Caribbean islands, people eat both the tasty nuts
and the "apple" (or "banana"), the fleshy
structure from which the nut hangs. This is used
to make a refreshing drink, wine, brandy and
jelly. Its acid, aromatic juice contains five
times as much vitamin C as orange juice.
Cashew are very tasty, but they must be roasted before eating, as the thin shell contains a very irritant oil. The active chemicals are cardol and anacardic acid. Roasting gets rid of the oil, but the fumes that arise during roasting can cause skin and eye irritation, inflammation and poisoning.
Every part of the plant appears to have medicinal uses. Jamaican herbalists agree with Sloane that leaf extracts can be used to bathe ulcers or added to baths for fever.
One cold remedy involves a mix of cashew leaves, fern leaves and ‘rat ears’, wrapped in cashew leaves and then boiled.
An infusion of leaves and bark is used for dysentery, toothache and sore gums.
In the tree’s native country, Brazil, bark teas are used for diarrhoea, and the caustic shell oil for skin infections, warts, worms and botfly larvae beneath the skin.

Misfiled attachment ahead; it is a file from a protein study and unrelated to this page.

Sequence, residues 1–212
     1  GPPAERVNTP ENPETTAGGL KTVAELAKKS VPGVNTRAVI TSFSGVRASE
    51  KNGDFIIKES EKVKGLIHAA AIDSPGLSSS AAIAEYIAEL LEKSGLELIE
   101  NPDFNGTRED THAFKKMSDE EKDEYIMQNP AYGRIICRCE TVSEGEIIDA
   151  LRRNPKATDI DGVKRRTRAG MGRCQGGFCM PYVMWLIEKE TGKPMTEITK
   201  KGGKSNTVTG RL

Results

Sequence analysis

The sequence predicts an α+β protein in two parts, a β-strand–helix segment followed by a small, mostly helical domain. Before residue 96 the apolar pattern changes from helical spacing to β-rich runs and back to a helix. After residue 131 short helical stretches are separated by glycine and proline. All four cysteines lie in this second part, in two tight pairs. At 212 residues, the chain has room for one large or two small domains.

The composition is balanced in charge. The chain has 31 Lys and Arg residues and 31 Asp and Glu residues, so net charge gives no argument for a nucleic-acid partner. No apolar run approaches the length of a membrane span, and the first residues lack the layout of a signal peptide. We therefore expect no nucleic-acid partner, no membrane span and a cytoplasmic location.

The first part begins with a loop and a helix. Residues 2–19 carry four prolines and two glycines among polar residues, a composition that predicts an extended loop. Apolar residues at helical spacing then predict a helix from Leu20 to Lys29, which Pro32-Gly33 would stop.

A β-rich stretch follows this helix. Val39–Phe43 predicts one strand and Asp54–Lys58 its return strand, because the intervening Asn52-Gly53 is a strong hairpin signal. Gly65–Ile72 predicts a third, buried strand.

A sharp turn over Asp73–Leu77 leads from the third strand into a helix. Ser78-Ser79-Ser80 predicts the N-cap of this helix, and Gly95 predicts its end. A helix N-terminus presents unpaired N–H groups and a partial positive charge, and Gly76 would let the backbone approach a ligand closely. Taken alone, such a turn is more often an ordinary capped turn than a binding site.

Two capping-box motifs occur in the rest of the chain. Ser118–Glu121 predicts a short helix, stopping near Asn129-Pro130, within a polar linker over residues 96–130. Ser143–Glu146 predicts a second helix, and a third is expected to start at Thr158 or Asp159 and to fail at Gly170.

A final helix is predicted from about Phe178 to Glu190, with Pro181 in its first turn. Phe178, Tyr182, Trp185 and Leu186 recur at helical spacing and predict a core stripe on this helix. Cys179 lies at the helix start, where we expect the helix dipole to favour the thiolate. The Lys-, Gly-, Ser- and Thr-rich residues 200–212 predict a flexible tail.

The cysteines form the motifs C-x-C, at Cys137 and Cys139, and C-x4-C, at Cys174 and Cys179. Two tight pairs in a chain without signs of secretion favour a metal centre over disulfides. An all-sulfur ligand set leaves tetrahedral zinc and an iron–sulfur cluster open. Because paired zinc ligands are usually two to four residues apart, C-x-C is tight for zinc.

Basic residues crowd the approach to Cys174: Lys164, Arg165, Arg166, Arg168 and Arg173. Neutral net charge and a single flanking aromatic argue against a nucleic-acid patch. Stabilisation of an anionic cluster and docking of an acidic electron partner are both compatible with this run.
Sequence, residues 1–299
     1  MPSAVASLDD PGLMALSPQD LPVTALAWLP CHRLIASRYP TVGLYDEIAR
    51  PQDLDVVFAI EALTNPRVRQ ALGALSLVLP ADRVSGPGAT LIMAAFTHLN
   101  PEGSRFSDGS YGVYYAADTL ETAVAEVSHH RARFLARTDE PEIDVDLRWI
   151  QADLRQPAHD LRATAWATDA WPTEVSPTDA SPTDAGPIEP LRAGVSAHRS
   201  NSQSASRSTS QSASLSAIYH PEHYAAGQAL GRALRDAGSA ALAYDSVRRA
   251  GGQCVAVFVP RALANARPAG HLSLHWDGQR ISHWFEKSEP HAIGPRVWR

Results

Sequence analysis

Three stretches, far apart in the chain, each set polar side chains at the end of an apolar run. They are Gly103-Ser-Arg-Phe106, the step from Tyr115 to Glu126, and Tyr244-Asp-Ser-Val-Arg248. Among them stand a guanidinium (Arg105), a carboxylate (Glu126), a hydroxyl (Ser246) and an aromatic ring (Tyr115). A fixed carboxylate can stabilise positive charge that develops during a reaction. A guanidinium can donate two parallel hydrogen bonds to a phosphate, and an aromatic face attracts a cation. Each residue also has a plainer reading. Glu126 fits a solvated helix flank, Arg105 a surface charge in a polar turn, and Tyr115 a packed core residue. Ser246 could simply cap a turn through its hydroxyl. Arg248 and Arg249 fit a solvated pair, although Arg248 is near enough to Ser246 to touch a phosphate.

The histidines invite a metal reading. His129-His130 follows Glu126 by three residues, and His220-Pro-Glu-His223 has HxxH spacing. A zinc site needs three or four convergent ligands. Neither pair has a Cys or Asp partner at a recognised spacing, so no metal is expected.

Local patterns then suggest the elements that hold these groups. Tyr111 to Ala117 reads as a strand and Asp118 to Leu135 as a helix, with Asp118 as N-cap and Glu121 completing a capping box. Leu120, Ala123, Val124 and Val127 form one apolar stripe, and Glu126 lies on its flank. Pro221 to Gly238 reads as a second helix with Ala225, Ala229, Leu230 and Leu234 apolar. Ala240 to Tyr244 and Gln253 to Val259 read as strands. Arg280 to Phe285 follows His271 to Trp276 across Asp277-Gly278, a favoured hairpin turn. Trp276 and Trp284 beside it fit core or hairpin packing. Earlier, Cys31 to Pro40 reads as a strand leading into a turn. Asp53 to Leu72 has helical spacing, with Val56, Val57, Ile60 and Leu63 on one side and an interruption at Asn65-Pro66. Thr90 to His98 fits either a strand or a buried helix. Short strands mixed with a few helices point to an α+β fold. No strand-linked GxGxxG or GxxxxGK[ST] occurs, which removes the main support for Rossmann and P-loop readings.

In Africa, the young leaves are used to treat dysentery, diarrhoea and piles.
The delicious kidney-shaped nut is actually a fruit. It hangs from a large fleshy structure, called the cashew ‘apple’. This is bright red, orange or yellow in color.
Resins and gums from the bark and stems (cacajou gum) are used in varnishes for books, wood and flooring, to protect from ants and other home-invading insects. The sap is said to have insecticidal properties.
The shell oil is used in industry to make plastics and resins. Cashew-nutshell liquid (CNSL) is also used in brake linings and clutches.
Cashew oil and juice are added to facial peels, scalp conditioners and shampoos.
Extracts from cashew apple and bark are reported to act against bacteria that cause some stomach ulcers. The bark and leaves are both rich in tannins and have anti-inflammatory and astringent properties. Leaf extracts have been shown to be useful against lab-induced diabetes. Nutshells have acids toxic to certain cancers.